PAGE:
I really appreciate what you have to say about movies, Jeffrey. As an older teenager myself, I thought Brave's depiction of a loving family rang true. It very accurately captured the tension between a young woman, trying to assert her own identity outside of her mother's personality and a mother looking out for her family's best interests. I've grown tired of trite depictions of family life -- films that show fathers as idiots or overprotective, mothers as dead or wicked, and siblings as annoying and unwanted are caricatures of a false reality. However, the best part was the chiastic structure of King Fergus' protection of Merida throughout the film. I saw the film twice in row -- once with friends, and once with family. The first time, I was a little disappointed with Pixar's performance, but coming back to it, I saw small details (the chiasmus, the relationships between Fergus and Eleanor, and Merida's love for her brothers), which took my breath away. Yes, the film had flaws, but it so perfectly captured a "normal" family in places. Brave may not be the most brilliant of Pixar films, but it seems the most grounded.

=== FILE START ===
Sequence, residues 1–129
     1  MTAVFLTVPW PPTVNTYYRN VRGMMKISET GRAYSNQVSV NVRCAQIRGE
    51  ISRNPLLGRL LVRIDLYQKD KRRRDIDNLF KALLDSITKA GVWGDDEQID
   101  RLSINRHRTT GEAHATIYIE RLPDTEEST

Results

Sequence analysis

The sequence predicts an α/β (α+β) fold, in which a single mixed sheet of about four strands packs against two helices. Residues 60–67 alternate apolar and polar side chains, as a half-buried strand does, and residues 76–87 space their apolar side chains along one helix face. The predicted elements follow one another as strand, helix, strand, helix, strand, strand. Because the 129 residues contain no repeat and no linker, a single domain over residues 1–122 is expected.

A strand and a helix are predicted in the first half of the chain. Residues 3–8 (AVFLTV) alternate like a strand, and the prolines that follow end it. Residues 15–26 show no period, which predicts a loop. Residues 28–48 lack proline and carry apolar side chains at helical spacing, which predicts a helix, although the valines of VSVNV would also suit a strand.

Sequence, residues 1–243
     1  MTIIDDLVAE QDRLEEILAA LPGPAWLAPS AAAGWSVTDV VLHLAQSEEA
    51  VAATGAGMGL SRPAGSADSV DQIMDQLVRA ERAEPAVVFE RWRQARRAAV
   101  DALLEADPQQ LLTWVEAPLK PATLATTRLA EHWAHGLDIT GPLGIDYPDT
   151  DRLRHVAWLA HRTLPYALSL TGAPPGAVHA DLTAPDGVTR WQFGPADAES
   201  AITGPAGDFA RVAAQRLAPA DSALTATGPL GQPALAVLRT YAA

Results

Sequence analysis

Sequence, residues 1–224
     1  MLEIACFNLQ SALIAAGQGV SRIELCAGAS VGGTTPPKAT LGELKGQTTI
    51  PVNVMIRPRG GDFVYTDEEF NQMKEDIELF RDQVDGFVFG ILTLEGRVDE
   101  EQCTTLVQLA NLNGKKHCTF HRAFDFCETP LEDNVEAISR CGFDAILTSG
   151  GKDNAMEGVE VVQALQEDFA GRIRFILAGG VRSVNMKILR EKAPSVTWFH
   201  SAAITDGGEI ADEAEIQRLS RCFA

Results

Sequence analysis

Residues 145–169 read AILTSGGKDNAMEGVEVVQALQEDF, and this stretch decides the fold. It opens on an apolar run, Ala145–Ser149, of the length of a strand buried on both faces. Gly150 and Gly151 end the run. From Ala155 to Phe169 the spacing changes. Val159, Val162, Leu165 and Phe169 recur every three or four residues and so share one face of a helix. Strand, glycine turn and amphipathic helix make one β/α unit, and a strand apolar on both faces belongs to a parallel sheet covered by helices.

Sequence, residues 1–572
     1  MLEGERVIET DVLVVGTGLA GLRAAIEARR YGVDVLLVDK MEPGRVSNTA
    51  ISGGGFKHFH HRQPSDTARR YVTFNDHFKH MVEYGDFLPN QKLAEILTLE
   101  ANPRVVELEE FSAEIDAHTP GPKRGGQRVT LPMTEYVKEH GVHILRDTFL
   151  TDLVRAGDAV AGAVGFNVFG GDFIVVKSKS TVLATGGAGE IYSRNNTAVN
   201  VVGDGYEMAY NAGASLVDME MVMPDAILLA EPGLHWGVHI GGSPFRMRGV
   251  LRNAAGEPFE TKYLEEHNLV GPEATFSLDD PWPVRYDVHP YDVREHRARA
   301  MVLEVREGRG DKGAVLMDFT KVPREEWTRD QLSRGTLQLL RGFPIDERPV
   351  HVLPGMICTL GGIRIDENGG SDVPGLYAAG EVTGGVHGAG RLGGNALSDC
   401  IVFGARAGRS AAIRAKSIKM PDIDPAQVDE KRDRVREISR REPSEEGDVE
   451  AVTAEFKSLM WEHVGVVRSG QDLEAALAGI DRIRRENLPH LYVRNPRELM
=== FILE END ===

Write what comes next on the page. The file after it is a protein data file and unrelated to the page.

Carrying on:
Jeffrey Overstreet

Posted Tuesday, June 26, 2012, at 3:24 p.m.

Thanks for all of the comments, everyone! Thanks especially to those recommending The Secret of Kells. That was my favorite film of 2009, and I agree that it's a greater work of art. Thanks also to Patrick for bringing up The Secret World of Arrietty, one of this year's most pleasant surprises. As for whether or not this film is suitable for young viewers ... it depends. If your children were frightened by the intense finale in Toy Story 3, or by the battle with Crom Curach in The Secret of Kells, well ... there are scenes here that are similarly intense and scary. But those scenes are fleeting. For the most part, I'd describe Brave as playful, whimsical, and occasionally intense ... only occasionally frightening. Maybe concerned parents should catch a matinee on their own and then decide whether their kids are up for it.